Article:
1956 Olympic Champion
Founder, London Marathon
August 21, 1928 - February 28, 2003
As rabbits set the pace for greyhounds, in 1954 Chris Brasher set the pace for Roger Bannister in what would become the first sub-four minute mile ever run. This feat alone might have satisfied most men, but Brasher had feet that weren't about to stop here.
Born in Georgetown, British Guiana, where his father worked to establish telegraph service, Brasher was sent to school in England, eventually attending St. John's College in Cambridge. It was here that his prowess for middle distance running began to shine; he finished first in the 5000 metres race at the World Student Games in 1951. He earned a spot on the British team for the Helsinki Olympic Games in 1952, but finished a disappointing eleventh place. But he and two other medal-less athletes made another bit of history two years later at Iffley Road, Oxford. It was a mile race at an Amateur Athletic Association meet, where a plan had been hatched to break the four-minute mile. Brasher would lead the way for the first half-mile, Chris Chataway, a 5000 metre specialist, would take over from there, and on the final 3/4 mile, Roger Bannister would do the necessary sprint to the finish and the record would be broken. Needless to say, the plan worked. A new record (3 minutes, 59.4 seconds) was established, and Brasher and Chataway would have their own little, mostly unrecognized, niche in the history books.
And then came the 1956 Olympic Games in Melbourne, where Brasher barely made the team as the third and last choice to run the 3000 metre steeplechase. But Brasher's greatest attribute, determination, reigned once again as he rallied past all challengers with 300 metres left to apparently win the Gold Medal. But, Brasher was disqualified while an inquiry examined an accusation that he had interfered with another runner on the way to the finish. After three agonizing hours, Brasher's win was declared good and Britain had it's first Olympic champ in twenty years. After an all night celebration, Brasher received his Gold Medal, "blind drunk, totally blotto, with an asinine grin on my face."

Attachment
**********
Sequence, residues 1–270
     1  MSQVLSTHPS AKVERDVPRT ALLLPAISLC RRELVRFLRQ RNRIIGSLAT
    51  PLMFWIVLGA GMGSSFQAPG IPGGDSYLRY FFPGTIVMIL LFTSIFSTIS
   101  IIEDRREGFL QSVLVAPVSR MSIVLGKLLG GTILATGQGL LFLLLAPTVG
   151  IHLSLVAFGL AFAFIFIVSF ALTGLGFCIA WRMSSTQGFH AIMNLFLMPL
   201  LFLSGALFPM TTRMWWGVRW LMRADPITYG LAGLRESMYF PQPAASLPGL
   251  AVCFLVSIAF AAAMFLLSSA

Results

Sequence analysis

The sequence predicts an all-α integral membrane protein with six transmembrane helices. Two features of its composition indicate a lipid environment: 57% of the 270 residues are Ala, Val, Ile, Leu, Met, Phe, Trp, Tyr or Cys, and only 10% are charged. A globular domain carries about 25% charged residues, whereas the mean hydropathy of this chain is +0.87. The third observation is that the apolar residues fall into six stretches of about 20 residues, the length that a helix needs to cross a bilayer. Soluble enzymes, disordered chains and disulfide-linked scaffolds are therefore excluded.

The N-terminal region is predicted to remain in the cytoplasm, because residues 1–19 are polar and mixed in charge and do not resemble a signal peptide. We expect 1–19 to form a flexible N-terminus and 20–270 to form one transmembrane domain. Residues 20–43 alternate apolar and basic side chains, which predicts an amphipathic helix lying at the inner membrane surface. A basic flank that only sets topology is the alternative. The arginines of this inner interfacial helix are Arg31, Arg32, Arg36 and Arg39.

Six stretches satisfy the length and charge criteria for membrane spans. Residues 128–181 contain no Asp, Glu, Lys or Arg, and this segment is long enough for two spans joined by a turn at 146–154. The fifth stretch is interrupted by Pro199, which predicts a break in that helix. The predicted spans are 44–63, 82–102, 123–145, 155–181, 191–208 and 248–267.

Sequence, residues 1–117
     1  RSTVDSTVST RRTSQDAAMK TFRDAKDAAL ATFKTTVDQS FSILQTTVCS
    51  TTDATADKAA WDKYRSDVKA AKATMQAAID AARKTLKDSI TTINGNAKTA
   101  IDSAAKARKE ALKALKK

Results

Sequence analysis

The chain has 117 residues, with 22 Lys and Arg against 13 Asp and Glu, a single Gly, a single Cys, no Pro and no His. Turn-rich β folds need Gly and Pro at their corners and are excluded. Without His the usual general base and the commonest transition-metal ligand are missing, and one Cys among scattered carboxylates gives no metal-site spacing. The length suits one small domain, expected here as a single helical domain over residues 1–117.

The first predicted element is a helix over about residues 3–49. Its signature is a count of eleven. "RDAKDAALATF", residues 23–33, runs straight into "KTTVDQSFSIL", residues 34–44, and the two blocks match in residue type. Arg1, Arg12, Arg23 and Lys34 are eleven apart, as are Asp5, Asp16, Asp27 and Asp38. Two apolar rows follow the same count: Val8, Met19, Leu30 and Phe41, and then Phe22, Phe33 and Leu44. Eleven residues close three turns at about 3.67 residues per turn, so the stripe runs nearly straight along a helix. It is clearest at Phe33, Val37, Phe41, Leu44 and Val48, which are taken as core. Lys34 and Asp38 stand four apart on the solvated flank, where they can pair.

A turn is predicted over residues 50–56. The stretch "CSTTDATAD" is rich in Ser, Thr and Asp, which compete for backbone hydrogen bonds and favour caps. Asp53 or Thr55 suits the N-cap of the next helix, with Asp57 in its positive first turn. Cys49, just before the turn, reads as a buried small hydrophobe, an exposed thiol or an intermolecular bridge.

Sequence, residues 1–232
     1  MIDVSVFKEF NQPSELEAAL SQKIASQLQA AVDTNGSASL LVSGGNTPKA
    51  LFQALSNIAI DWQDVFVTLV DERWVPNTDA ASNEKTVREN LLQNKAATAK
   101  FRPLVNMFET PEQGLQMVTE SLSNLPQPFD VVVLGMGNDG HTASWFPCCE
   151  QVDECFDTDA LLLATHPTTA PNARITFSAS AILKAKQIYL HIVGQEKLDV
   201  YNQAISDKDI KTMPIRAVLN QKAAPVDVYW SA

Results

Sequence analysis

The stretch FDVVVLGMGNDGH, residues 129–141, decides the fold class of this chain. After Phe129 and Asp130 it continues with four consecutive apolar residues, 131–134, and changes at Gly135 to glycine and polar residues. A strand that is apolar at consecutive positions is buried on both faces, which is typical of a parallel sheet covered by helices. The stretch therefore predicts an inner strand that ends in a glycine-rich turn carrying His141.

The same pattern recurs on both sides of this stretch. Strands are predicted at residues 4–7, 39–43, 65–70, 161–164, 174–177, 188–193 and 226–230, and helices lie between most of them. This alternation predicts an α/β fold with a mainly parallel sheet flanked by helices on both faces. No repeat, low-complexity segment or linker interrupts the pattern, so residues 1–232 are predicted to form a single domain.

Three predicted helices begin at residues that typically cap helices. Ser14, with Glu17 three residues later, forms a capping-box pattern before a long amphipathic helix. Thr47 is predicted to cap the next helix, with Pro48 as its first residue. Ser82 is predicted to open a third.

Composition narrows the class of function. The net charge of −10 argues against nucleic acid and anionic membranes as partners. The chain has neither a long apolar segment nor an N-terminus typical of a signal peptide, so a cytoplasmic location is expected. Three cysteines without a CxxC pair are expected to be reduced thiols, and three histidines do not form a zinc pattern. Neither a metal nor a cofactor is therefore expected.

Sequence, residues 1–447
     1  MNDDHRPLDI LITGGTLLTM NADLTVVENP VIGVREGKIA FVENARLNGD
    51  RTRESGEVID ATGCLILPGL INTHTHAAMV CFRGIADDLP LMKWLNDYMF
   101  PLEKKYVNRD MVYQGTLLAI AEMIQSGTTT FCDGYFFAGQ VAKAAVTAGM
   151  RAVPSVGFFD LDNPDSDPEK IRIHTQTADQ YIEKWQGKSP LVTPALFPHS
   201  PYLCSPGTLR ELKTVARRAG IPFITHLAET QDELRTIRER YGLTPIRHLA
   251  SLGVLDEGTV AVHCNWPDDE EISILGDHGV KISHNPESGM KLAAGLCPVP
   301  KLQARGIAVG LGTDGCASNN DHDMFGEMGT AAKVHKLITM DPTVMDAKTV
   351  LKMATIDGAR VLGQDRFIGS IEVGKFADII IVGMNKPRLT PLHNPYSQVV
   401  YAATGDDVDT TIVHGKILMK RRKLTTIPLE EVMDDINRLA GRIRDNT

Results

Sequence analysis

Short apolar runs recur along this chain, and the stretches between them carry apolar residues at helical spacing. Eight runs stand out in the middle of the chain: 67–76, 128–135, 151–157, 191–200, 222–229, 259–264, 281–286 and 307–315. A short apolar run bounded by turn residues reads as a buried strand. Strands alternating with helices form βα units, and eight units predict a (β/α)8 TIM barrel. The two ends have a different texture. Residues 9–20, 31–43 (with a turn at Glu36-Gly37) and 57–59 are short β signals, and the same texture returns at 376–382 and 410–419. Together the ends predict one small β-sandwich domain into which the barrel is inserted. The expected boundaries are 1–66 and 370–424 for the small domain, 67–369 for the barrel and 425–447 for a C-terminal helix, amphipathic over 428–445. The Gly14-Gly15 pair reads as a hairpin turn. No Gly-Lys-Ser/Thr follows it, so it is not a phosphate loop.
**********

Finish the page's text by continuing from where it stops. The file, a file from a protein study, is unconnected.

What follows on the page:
For the next twenty years, Brasher became a writer, an environmentalist and an innovator. He wrote for The Observer about sports and his passion for the outdoors. After working as The Observer's sports editor, Brasher moved on to the tele and the BBC where again he excelled. Always searching, Brasher "discovered " the world of orientation, at the time a scandinavian sport where teams, using maps as navgational guides, raced through forests. He and life long friend and partner John Disley were determined to bring the sport to Britain, and well he did, today known as the father of British orienting.
In 1979, excited once again, Chris Brasher went to New York to run the New York City Marathon, not something a lot of folks his age did in those days, but then...He was twice as excited when he returned to Britain, writing in The Observer,
Last Sunday, in one of the most violent, trouble-stricken cities in the world, 11,532 men, women and children from 40 countries of the world, assisted by black, white and yellow people...laughed, cheered and suffered during the greatest folk festival the world has seen? I wonder whether London could could stage such a festival?
Well, the answer, thanks to the undying determination of Chris Brasher, was a resounding yes, and the London Marathon was born. For a little under a year, Brasher sought out the London "powers-that-be" and convinced those that needed convincing, that they could indeed replicate New York's success; infact, they could do it better. And so, on March 29, 1981, 7,747 runners ran the first London Marathon from Greenwich Park to Buckingham Palace; Brasher himself, 52 at the time, finished it in a little under three hours. The Marathon hasn't looked back since and neither did Brasher.
Brasher's love for the outdoors took him to the Himalayas and the Alps. It also took him to new heights in Brasher, the footwear company he founded. While walking the Roof of Wales in 1973, Brasher suffered major blisters treking the 180 mile trail and was once again determined. Hence, The Brasher Boot Company (est. 1983) and the cushioned Brasher boot, based on, what else, the most comfortable running shoe on the market. Besides innovative products, Brasher's desire was to protect and maintain the wild and hilly places that we love to walk in. This dedication resulted in his involvement in the founding of the John Muir Trust, part of Brasher's commitment to preserving the environment. Fortunately, he helped establish many trusts which carry on in has name, for the indefatigable Chris Brasher passed away this February at his home in the Village of Chaddleworth, Berkshire. He was 74.